Miss Laura Mae’s House Part 3

Three littI admired the way Miz Laura Mae’s daughter Glomie got her name, though I only learned later it wasn’t spelled the way it was pronounced.
“Betty Lou was the purtiest baby I had, even if I do say so myself. With her fat little legs, blue eyes, and curly hair, I thought for shore somebody would try to steal ‘er. She was my first an’ I held her all day. I didn’ know no better then. It’s a wonder she ever learned to walk. When she was about a year and a half old, Myrtle came along, red-headed and kind of puny. She had colic and squalled non-stop for seven months till my milk dried up. That’s when I found out for shore nursin’ wouldn’t keep me from gittin thataway. I had to put her on the bottle and table food and she took off. Purty soon, she was going ever’where. She wasn’t but about sixteen months old when Glomie come along.

Glomie was born long after midnight. Floyd had been drinkin’ and was purty well-lit by the time me and the baby was cleaned up an’ I was ready to get some rest. My two sisters, Oly was settling us in when Dr. Garnet asked Floyd if we’d picked a name for the baby.

“I done decided to call this one, Glomie, no matter if it was a boy or girl.” He asserted.

“Glomie. I ain’t never heard that name,” said Dr. Garnet. “How do you spell it?” He was filling out the birth certificate.
“Glomie. It’s got the first letter of ever’ state I ever been in,” Floyd answered morosely. “G for Georgia. L for Louisiana. O for Oklahoma. M for Mississippi. A for Arkansas. I don’t reckon with all these youngun’s I’ll ever git to go nowhere else.’

“If you’re sure,” said Dr. Garnet. “I hate to hang that on a kid, but I guess I’ve heard worse.”

By the time I found out the next mornin’, the namin’ was all over an’ that pore baby was stuck with Glomie. I never did let Floyd name another’n.”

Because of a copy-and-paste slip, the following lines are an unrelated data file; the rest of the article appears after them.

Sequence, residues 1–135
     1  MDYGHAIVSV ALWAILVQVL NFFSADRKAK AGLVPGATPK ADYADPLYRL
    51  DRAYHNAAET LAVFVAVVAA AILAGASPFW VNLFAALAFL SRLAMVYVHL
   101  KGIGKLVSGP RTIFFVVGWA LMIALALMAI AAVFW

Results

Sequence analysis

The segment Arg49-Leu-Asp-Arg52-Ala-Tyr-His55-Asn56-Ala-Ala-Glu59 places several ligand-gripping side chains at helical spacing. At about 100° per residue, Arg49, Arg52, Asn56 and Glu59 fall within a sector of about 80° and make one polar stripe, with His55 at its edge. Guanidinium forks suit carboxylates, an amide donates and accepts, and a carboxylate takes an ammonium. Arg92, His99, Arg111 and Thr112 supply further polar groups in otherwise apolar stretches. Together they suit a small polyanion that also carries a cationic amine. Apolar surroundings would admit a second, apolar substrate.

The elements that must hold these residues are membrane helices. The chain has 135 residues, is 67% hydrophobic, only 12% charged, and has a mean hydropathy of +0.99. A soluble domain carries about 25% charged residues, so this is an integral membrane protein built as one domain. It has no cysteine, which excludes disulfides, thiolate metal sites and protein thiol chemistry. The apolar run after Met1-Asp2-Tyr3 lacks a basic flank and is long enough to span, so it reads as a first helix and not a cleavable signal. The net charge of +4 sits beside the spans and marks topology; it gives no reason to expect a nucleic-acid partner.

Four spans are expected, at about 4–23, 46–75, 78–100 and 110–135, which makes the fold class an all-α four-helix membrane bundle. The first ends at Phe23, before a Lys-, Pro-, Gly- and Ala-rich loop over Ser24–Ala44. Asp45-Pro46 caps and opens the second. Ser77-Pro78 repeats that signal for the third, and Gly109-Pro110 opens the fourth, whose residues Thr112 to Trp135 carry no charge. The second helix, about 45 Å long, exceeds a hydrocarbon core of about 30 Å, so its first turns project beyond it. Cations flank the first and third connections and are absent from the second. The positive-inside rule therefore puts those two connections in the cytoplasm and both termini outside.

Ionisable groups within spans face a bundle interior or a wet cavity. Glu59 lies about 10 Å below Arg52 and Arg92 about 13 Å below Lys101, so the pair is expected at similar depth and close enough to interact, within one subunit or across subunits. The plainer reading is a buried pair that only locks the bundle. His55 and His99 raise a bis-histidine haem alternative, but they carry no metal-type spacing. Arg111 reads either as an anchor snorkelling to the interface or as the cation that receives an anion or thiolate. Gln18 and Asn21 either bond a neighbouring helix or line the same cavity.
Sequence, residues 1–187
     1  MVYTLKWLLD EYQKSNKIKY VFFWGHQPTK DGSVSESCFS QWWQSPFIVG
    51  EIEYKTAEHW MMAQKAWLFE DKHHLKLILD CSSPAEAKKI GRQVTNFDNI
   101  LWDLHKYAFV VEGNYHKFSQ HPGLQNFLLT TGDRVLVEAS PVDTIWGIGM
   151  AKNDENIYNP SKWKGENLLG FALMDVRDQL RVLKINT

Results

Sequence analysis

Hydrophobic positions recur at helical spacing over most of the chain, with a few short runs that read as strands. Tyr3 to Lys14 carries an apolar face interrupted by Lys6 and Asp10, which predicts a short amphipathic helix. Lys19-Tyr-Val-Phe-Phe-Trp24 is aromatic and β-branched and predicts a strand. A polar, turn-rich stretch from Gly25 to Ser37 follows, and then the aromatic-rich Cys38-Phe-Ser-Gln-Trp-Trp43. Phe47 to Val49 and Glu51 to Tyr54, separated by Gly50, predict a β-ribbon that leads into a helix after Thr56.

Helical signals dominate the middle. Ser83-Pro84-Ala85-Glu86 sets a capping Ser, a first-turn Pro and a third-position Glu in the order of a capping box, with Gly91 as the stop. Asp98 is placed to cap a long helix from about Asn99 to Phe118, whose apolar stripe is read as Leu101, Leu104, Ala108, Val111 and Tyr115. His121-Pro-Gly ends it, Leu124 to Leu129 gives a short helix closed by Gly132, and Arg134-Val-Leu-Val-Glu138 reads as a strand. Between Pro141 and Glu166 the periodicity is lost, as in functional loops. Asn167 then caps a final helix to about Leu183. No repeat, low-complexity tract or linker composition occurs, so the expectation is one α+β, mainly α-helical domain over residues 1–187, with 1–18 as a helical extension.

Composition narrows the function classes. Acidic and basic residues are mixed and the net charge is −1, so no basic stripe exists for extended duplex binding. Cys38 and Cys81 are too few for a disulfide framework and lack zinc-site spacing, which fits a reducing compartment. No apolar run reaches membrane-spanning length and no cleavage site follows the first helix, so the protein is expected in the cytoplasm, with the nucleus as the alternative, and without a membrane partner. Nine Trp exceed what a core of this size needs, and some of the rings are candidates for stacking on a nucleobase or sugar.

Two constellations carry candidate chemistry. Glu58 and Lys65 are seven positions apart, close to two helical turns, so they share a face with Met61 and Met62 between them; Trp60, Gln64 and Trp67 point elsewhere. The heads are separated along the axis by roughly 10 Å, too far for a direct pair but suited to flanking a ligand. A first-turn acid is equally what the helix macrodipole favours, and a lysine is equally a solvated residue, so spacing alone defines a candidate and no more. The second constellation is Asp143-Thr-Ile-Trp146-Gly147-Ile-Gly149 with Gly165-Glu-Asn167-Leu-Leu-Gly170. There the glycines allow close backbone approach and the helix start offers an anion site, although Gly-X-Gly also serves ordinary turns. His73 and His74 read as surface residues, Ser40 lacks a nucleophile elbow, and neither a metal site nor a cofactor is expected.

Miss Laura Mae’s House Part 2


Be sure to go back and read part 1

houseMiss Laura Mae’s stories always held my interest, though they certainly weren’t intended for my ears.
“The twins come about a month after Floyd left. To tell the truth, I was kind of glad he wasn’t there to get me “that way” again right off the bat like he done before. They was a few weeks early, so I was up all hours of the day and night a’nursing ‘em. Floyd’s mama, Miz Barker was gittin’ kind of childish, so I brung her to come stay so I didn’t have to try to watch her, too. Turns out, she was purty good help, a’rockin’ one of them babies all the time instead o’ tryin’ to run off all the time. Seems like it kind of settled her. She was a sweet ol’ lady.

The garden was a’comin’ in an’ we had plenty to eat without buyin’ much groceries. Miz Barker, Floyd’s mama told me I could git her pressure cooker to do the cannin’ and that shore helped, not havin’ to worry about my beans and tomaters goin’ bad no more. I had got a check or two, so I was able to get a kerosene stove and git rid of that ol’ wood stove. I got Joe Smith to set it up out in the yard so I could do my cannin’ on it. It shore was better not heatin’ the house up.

I had always took in ironin’ at a nickel a piece to help us over times when Floyd was drinkin’. I was real careful to go straight an’ pay on my grocery bill soon as I got paid so Floyd couldn’ git in my ironin’ money. Sometimes that was all that was comin’ in. I got Betty Lou, Myrt, and Glomie started ironin’ as soon as they was tall enough. I tried to let’em keep a quarter a week of the ironin’ money when I could. I’d let ‘em play about an hour after school, then soon as they was through with their homework, put ‘em to ironin’. We’d all listen to the radio while we was ironing long as the batteries lasted. Purty soon, they was savin’ their part of the ironin’ money for batteries.

Things was good till Jody got burnt. He follered Jimmy out to burn to trash and caught his clothes on fire. He was burned bad all over his back, big ol’ blisters everwhere. Doctor Garnett come out to see him and gave me some salve and pain syrup and told me to keep them burns covered. He couldn’t say if Jimmy’d make it or not. It was right in the heat of the summer. Pore little Jimmy suffered so. I had all I could do takin’ care of him and them babies. I don’t know what I’d a done without Miz Barker a’rockin ‘em like she done. With Jimmy so sick, I couldn’t nurse ‘em all the time like I needed to, so I got ‘em on the bottle some to help out. Mr. Jones down at the store let me run my bill up purty high a time or two when I had to keep Carnation Milk without complainin’ a bit. The girls kept right up with the ironin’, never passin’ a word when I couldn’ give ‘em nothing.